Princess and The Frock - handmade children’s clothing from Rossendale that are fit for a royal baby
PUBLISHED: 09:45 06 September 2013 | UPDATED: 09:45 06 September 2013
A new prince means a new heir to the Duchy of Lancaster and already gifts are being prepared for this special arrival
Sometime later this year a parcel will be dispatched from a Lancashire town to the new home of small boy born recently amid no little fuss. Inside, will be a waistcoat lovingly created by Claire Warburton, a young woman who is making a name for herself in the children’s clothing business.
Her company is called the Princess and The Frock so you could say it was a small gift from a Princess to a Prince. ‘Prince George will be the Duke of Lancaster one day so it seems right that he should have a present from the county,’ says Claire.
As well as making a living producing unique handmade clothing for kids, Claire is also helping to raise money for a charity that will be close to the hearts of many new mothers.
The Helmshore mum set up the Princess and the Frock after giving birth to her daughter, Belle. Claire had been working with vulnerable primary school children but she wanted a career change which would be less stressful and allow her to work from home without needing childcare.
She honed her dressmaking skills at college in Preston but she is largely self-taught. Her talent didn’t seem to have any other foundation unless she started to investigate the family tree.
‘ I discovered it was in the genes after all,’ she said. ‘It transpired my great-grandmother made stage outfits for the showgirls at Drury Lane Theatre and my great-aunt was a tailor. My passion for making clothes started to make sense.’
She also started making stage costumes for her husband and his colleagues. Mark, from Bury, is the drummer with the successful Ribble Valley group, The Swing Commanders.
‘That’s one reason why I needed a career that gave me flexibility because his hours can be unpredictable. It works really well. The three of us can spend the days together and when he is out performing at night I can work on clothes.
‘I’m mainly making dresses but I’m also launching special occasion blouses because little girls don’t always want to wear dresses. I also make a lot of bespoke clothing – people come to me with an idea and I will make it up.
‘My aim is to make them affordable and good quality. I only use top quality cotton, chiffon and silk. They are unique prints that you won’t find elsewhere.’ An extra selling point is that the clothes are versatile – dresses are made so as the child grows taller they can be worn as a tunic top.
Claire is aiming at small boutiques as well as building up her business online. ‘It has been quite a successful start and there have been times when I’ve still been sewing at 4am,’ she said.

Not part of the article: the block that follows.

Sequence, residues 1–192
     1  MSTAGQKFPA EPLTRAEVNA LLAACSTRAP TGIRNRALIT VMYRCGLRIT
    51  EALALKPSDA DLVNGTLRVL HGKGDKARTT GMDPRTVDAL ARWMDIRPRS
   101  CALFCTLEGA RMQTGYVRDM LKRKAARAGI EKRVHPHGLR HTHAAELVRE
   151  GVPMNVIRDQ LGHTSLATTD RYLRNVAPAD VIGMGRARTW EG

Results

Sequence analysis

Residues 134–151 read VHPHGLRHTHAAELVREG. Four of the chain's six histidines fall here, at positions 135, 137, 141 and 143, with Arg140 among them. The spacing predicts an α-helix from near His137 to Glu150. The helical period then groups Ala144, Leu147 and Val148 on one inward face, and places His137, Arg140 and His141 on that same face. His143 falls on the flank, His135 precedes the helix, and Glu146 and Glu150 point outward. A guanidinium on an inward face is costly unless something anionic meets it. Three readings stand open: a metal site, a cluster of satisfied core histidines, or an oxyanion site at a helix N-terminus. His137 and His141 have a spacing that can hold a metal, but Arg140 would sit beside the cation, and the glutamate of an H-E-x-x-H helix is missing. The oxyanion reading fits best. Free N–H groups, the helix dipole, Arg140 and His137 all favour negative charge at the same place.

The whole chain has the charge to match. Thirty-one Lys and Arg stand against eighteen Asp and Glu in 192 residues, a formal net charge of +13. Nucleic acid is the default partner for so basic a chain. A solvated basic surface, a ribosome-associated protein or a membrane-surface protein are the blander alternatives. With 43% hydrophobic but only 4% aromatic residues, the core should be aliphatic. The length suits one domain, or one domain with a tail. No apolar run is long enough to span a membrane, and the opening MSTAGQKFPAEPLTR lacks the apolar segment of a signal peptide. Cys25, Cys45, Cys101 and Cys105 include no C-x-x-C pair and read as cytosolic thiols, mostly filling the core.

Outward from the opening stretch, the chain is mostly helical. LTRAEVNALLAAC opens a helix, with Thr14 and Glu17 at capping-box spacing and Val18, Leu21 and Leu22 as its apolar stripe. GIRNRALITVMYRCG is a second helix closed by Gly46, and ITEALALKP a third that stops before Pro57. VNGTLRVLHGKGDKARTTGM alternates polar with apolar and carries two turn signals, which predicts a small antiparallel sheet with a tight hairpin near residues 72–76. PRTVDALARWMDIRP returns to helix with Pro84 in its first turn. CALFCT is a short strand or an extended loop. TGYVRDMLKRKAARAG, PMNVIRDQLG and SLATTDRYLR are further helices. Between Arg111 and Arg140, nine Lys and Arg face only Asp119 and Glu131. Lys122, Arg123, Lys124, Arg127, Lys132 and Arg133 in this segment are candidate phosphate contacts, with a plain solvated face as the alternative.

Her activities on line have put her in touch with mothers helping to promote charities for premature children and to help investigate Infant Death Syndrome.
A collection of Claire’s dresses called Matilda May will be sold with the profits going to charity.
‘The next step is producing a Little Prince’s collection which will be waistcoats and ties for boys,’ said Claire. ‘I’m looking for some very special fabric for one of the waistcoats for a very special boy!’
Our special relationship
Lancastrians can lay special claim to Prince George Alexander Louis of Cambridge. One day, all things being equal, he will become the Duke of Lancaster.
Lord Shuttleworth, the Lord Lieutenant of Lancashire and the ‘eyes and ears’ of the Queen in the red rose county, said: ‘I think people in Lancashire always feel the Queen is special because our monarchs always become Dukes of Lancaster.
‘To have a grandson is a tremendous thing to have a great-grandson must be particularly splendid for her, especially bearing her own father’s name.
‘But we need to bear in mind that the remarkable longevity of the royal family means it could be 60 or 70 years before the new prince become King and Duke of Lancaster. The Prince of Wales was born 65 years ago and the world has changed so much since the end of the Second World War.
‘It’s interesting to speculate what sort of county and what sort of country this prince might reign over.
‘The young children of today will see remarkable change but we are fortunate that the Royal family remains a constant thread through the centuries.’
The roots of the Duchy title go back to 1265. In that year, a gift of land was made by King Henry III to his son, Edmund. Nearly a century later, in 1351, Edmund’s grandson, Henry of Grosmont, received the title Duke of Lancaster, and his estates became known as the Duchy of Lancaster.
Lancashire’s royal connections were made permanent in 1399 with the accession of Henry Bolingbroke, Duke of Lancaster. Ever since, the title and its riches have been inherited by the reigning sovereigns. Those riches help provides the sovereign of the day with a source of income independent of Government and the public purse. The Duchy of Lancaster is custodian of 18,700 hectares across England and Wales - a quarter in Lancashire.